GOP senators welcome leadership from House Speaker
From prominent figureheads to rank-and-file members, Republican senators told AMI Newswire that Ryan’s ideas mirror those he pitched back in January at a joint House-Senate GOP meeting in Baltimore. Because of that, they dismiss any suggestion of surprise or dissatisfaction with the Wisconsin congressman.
Ryan’s six-point agenda he announced on Wednesday are also all popular Republican ideas anyway, senators noted – lower taxes, less regulation, national security, repealing the Affordable Health Care Act, a conservative anti-poverty initiative, and strengthening congressional powers.
Going further, they praised Ryan himself for his messaging skills in announcing the ideas.
“In many ways, not just because of his office but because of his ideas, he is certainly one of the de facto leaders – if not the de facto leader – of the party,” said Sen. John McCain of Arizona, the party’s 2008 presidential nominee, told AMI Newswire. “He and Mitch (McConnell, Senate GOP leader) work pretty closely together.”
“The Speaker is quite a policy wonk, and it’s good for Congress to reclaim its role as one of the generators of policy as opposed to just waiting on the White House,” said Senate GOP Whip John Cornyn. “I’m glad he’s doing it. He’s talking about policies that we all can coalesce around.”
“Paul certainly brings a different strength to the table, but his best strength is that he is an excellent communicator,” said Sen. Johnny Isakson of Georgia. “A lot of us talk about ideas but don’t know the details like he does.”
Ryan on Wednesday said six specific policy agendas would be publicly unveiled by House GOP leaders as part of a “Confident America” agenda starting in June – taxes, regulation, national security, health care, poverty and strengthening Article 1 of the Constitution, which establishes legislative branch duties and powers. The ideas were purposefully vague, and Ryan resisted divulging details because he said they are still being hashed out.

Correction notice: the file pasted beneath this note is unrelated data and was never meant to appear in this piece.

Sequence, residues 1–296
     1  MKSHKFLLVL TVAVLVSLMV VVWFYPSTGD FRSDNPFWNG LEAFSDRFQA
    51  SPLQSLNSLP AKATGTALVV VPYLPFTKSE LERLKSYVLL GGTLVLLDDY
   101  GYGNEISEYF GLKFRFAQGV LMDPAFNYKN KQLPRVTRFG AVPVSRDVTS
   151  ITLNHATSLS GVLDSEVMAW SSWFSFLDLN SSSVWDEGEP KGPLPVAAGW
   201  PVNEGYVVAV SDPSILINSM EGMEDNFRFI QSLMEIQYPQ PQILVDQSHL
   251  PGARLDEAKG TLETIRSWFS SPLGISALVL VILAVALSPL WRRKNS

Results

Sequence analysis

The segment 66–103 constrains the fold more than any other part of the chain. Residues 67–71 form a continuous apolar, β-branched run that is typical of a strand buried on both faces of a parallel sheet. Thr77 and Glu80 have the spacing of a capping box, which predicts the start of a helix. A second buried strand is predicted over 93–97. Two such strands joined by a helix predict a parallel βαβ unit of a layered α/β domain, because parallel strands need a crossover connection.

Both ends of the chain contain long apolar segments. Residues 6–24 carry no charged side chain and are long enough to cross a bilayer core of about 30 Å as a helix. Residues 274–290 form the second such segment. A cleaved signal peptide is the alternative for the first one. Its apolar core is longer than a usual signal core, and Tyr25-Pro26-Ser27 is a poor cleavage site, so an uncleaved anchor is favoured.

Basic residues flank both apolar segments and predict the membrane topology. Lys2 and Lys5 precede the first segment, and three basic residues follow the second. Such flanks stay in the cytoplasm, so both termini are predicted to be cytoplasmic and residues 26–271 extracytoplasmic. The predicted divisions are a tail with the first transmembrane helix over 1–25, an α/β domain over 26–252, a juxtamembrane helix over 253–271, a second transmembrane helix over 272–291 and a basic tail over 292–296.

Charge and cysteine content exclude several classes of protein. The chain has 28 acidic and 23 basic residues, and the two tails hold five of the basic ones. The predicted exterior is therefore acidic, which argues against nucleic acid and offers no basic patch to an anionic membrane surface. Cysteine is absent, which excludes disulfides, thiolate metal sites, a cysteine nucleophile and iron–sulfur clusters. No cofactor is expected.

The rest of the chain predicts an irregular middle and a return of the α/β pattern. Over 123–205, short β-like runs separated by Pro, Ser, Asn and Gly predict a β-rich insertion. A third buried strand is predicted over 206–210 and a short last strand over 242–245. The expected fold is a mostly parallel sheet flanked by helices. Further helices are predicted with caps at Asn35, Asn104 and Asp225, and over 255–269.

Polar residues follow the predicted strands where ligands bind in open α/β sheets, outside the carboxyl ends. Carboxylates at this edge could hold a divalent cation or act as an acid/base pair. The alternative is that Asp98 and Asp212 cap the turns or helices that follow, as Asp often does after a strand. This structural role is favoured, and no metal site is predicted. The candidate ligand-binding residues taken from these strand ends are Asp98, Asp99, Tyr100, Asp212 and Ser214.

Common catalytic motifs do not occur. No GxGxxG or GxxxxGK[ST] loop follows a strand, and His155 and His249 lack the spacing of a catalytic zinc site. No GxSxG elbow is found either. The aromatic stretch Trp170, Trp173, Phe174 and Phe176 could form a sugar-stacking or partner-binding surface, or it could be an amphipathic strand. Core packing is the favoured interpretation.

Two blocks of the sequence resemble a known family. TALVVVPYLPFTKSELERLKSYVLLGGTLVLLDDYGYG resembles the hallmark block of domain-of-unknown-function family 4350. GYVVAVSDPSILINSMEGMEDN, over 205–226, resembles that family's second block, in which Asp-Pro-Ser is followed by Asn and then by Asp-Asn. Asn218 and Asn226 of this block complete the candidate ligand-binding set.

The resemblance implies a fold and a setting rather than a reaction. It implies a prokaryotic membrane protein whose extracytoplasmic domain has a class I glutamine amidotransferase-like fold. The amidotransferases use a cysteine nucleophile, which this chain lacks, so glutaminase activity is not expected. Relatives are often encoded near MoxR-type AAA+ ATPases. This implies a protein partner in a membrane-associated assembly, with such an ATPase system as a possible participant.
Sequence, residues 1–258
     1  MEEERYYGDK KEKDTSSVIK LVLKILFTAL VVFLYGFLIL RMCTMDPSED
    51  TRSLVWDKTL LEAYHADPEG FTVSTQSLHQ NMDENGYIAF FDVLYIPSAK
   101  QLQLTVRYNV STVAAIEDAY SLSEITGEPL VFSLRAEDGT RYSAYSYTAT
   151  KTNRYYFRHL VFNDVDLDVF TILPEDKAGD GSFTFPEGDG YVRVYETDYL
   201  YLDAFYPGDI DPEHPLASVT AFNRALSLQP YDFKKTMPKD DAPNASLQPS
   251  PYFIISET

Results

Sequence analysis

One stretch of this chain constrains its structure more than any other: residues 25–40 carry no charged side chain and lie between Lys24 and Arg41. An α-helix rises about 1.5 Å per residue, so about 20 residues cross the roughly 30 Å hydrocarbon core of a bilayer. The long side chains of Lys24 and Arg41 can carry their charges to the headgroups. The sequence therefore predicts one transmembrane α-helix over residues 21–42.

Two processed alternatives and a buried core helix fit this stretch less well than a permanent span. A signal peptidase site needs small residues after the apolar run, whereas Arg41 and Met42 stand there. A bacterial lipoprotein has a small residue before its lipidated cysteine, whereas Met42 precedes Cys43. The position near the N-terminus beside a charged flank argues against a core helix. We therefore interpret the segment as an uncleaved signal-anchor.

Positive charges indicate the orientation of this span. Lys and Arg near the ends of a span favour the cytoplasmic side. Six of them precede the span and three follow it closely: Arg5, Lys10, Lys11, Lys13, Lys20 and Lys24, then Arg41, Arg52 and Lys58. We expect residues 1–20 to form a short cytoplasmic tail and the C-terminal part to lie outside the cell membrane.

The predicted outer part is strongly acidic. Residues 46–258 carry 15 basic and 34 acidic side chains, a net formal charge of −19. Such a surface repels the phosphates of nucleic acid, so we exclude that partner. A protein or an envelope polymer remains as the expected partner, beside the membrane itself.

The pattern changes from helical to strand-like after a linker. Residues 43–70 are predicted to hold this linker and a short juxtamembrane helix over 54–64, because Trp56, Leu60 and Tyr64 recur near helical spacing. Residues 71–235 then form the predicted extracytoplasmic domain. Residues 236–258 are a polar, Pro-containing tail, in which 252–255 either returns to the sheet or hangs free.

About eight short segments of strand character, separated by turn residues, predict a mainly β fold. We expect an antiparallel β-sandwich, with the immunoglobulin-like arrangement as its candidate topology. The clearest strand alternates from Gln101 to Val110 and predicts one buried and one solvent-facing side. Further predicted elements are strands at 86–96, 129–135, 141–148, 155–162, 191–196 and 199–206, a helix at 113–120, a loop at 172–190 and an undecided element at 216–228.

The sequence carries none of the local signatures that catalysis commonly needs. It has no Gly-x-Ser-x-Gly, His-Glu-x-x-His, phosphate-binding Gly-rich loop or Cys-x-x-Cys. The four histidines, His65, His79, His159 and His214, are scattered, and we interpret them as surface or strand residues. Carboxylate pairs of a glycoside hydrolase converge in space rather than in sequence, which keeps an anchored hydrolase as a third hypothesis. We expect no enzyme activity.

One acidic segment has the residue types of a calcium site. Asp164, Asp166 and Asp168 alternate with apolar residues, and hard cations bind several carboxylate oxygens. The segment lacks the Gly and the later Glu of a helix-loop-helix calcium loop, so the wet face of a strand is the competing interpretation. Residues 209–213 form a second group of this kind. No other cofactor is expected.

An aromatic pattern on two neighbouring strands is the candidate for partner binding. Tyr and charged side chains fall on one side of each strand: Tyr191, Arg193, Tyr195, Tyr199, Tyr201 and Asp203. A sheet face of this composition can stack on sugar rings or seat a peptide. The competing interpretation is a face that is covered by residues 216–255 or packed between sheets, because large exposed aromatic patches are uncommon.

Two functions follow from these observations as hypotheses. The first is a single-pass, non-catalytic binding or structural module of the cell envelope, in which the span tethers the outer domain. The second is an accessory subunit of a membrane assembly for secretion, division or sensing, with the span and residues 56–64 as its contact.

But he said the announcement was worth being made because he wanted to put the public on notice that the GOP is taking a more activist role in addressing the nation’s problems.
“When I first took this job in October, I said the Republican Party can no longer be an opposition party, but should become a proponent party,” Ryan said. “I’m excited about these ideas. I’m really animated by them.”
He made clear that the policies would eventually turn into proposed legislation – but in 2017, not this year. That would obviously be affected, he conceded, if presumptive Democratic presidential nominee Hillary Clinton wins the November election.
"I don't think Hillary Clinton is going to agree with a lot of these things," he added.
Even more threatening to Ryan’s wish-list is the possibility of Republicans losing Congress itself. Presumptive GOP presidential nominee Donald Trump has visibly split the party, with Ryan himself holding off on endorsing the New York billionaire. Indeed, as Ryan doggedly tried to emphasize his agenda, most media questions at his press conference returned again and again to his uneasy relationship with Trump.
Many Republicans remain persuaded that Trump cannot win the general election, and they believe his campaign could hurt Republicans in down-ballot races that could determine control of Congress. The GOP holds a majority of 246 seats to the Democrats' 188 in the House of Representatives; but the party’s Senate majority is thinner, with 54 Republicans to 44 for the Democrats and two Independents who caucus with the Democratic minority.
On Thursday, Ryan said at his weekly press conference that he spoke to Trump by phone on Wednesday night, but still wouldn’t announce an endorsement. “It was a productive call, and I’ll leave it at that.”
Ryan on Wednesday said that his and Trump’s staffs communicate “virtually every day,” and that Trump is aware of the policy proposals but isn’t actively involved in drafting them.
The first policy proposal to see the light of day in June will be legislation to fight poverty, which Ryan conceded has not always been seen as a traditional Republican priority. He said that is likely because many current House Republicans are young and still new to Washington, and unaware that Ryan has long discussed the issue in public.
Specifically, Ryan said the anti-poverty ideas would involve a “different approach” than the federal government’s current strategy of simply aiding the poor, which Ryan said has created a “stalemate.” Instead, he called for a more “output-based approach” that encourages welfare recipients to re-enter the workforce instead of solely relying on government aid.
Democrats have reacted with bemusement but also cold wariness to Ryan's ideas, cautioning that the Speaker appears to be papering over stark differences with the minority party. On poverty, for example, they note that he has long supported deep savings from programs that fight poverty, and warn that his new openness to tackling the issue could be a ruse.
“At best, this task force could at least expose where Republicans will go when it comes to the safety net,” Representative Xavier Becerra, the chairman of the House Democratic caucus, told The Atlantic. “At worst, this partisan task force could prove to be a front for a different motive: to dismantle the safety net ... If all these words they’re using are simply code for cutting, it’s hard to see how this effort they’re undertaking is going to be any different from other partisan efforts they’ve launched."